from The American Heritage® Dictionary of the English Language, 4th Edition
- n. Botany The yellowing or whitening of normally green plant tissue because of a decreased amount of chlorophyll, often as a result of disease or nutrient deficiency.
- n. Pathology An iron-deficiency anemia, primarily of young women, characterized by a greenish-yellow discoloration of the skin. Also called greensickness.
from Wiktionary, Creative Commons Attribution/Share-Alike License
- n. (countable) An anaemia, due to deficiency of iron, characterized by a yellow-green colouration of the skin; greensickness (Wikipedia).
- n. (uncountable) A yellowing of plant tissue due to loss or absence of chlorophyll (Wikipedia).
from the GNU version of the Collaborative International Dictionary of English
- n. The green sickness; an anæmic disease of young women, characterized by a greenish or grayish yellow hue of the skin, weakness, palpitation, etc.
- n. A disease in plants, causing the flowers to turn green or the leaves to lose their normal green color.
from The Century Dictionary and Cyclopedia
- n. The greensickness, a peculiar form of anemia or bloodlessness which affects young women at or near the period of puberty.
- n. In botany: Etiolation.
- n. A transformation of the ordinarily colored parts of a flower into green leaf-like or sepal-like organs, as in what are known as “green roses.” Also called chloranthy.
from WordNet 3.0 Copyright 2006 by Princeton University. All rights reserved.
- n. iron deficiency anemia in young women; characterized by weakness and menstrual disturbances and a green color to the skin
Sorry, no etymologies found.
This is true especially in young girls who have what is called chlorosis or green sickness.
_ When the defect of the due action of both the absorbent and secerning vessels of the liver affects women, and is attended with obstruction of the catamenia, it is called chlorosis; and is cured by the exhibition of steel, which restores by its specific stimulus the absorbent power of the liver; and the menstruation, which was obstructed in consequence of debility, recurs.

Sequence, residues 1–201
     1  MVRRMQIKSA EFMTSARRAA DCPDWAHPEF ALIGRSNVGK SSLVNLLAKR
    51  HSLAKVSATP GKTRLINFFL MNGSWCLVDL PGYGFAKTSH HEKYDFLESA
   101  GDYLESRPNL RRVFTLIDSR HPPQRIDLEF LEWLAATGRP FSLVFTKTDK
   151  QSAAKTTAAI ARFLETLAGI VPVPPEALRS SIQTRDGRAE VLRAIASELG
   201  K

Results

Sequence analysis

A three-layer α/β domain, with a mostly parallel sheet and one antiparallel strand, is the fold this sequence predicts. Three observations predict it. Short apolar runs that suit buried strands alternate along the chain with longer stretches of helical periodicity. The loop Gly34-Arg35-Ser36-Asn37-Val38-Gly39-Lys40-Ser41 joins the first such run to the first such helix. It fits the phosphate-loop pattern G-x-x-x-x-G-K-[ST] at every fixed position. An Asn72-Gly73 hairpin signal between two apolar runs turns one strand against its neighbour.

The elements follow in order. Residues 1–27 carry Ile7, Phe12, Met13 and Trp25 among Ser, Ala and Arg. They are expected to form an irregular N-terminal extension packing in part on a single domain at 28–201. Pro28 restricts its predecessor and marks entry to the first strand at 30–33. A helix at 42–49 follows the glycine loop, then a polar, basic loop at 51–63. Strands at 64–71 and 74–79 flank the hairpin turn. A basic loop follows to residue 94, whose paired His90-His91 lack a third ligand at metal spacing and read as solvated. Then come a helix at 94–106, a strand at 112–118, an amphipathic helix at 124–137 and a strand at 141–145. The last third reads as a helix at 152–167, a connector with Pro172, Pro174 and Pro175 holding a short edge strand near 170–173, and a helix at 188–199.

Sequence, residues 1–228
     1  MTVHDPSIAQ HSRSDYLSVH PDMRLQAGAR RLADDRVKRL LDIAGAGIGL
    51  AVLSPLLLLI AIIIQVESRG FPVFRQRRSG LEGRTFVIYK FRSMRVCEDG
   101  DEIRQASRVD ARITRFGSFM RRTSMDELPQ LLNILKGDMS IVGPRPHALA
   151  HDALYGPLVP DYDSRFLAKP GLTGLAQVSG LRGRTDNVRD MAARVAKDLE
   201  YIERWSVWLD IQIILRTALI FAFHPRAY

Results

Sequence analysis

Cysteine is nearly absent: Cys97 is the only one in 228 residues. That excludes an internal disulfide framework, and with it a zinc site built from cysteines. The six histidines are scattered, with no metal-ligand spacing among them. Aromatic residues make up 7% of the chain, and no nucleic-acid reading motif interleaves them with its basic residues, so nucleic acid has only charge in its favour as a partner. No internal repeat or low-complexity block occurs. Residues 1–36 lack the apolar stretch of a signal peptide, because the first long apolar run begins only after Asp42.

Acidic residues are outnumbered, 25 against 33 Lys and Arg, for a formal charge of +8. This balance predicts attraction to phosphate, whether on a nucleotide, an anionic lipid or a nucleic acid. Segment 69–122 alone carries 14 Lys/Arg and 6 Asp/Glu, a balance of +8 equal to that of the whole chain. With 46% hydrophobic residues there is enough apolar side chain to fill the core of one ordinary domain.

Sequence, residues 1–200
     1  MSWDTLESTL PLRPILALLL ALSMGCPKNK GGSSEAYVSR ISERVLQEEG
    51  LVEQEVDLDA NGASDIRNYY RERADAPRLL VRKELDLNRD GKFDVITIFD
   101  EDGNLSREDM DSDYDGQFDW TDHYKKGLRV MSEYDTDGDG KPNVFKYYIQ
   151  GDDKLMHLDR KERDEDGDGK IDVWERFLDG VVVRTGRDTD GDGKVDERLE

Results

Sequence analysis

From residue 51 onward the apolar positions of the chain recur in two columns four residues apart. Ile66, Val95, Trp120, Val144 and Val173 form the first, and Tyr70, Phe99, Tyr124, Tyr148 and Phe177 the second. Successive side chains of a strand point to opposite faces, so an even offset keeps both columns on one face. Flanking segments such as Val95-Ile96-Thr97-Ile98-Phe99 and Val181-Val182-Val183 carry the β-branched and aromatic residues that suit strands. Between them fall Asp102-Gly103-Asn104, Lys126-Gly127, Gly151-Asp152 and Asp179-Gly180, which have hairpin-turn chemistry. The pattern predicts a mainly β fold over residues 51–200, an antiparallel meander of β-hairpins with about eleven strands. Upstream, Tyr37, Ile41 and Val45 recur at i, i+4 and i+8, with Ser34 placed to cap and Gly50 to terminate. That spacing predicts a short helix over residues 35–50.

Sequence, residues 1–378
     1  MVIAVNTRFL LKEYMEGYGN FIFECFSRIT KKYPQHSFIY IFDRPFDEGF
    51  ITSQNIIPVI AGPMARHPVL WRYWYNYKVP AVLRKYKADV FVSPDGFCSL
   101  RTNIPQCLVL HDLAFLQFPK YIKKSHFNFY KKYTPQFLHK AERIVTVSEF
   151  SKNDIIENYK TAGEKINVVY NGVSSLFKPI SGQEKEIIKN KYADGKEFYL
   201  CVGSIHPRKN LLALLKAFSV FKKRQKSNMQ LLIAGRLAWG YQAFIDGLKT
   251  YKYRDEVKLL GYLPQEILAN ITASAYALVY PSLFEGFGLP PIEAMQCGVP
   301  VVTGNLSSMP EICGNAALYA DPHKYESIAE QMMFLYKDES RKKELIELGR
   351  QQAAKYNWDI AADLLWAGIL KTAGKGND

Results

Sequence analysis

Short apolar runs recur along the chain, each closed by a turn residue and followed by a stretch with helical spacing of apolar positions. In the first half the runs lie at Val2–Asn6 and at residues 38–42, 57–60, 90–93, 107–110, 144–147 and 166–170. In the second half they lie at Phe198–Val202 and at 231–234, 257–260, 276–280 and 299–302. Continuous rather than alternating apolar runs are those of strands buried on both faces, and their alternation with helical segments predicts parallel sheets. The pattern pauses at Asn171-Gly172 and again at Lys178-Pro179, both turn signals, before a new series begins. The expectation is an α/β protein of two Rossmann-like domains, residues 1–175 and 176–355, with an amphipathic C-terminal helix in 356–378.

The chlorosis is another disease owing to the deficient action of the absorbents of the liver, and perhaps in some degree also to that of the secretory vessels, or glands, which compose that viscus.
Its recovering from chlorosis, its a mineral deficiency.
That is too bad about the yellow leaves, chlorosis, right?
Then right on its heels came mottled chlorosis—the poinsettia leaves were shaped fine, they just looked as if they had contracted measles.
Unfortunately, the first visible symptom of root rot, chlorosis, can be caused by many other problems such as a shortage of nutrients, too much or too little watering, or insect or nematode damage.
Although black wattle survives on acid soils, it responded positively to lime up to pH6 and showed chlorosis and high mortality in alkaline soils (Schonau, 1971).
Trees affected by zinc deficiency show chlorosis of the leaf tips and leaf margins, their shoots exude much resin, and their older leaves fall off.
Those with potassium deficiency show leaf tip and marginal chlorosis and die back
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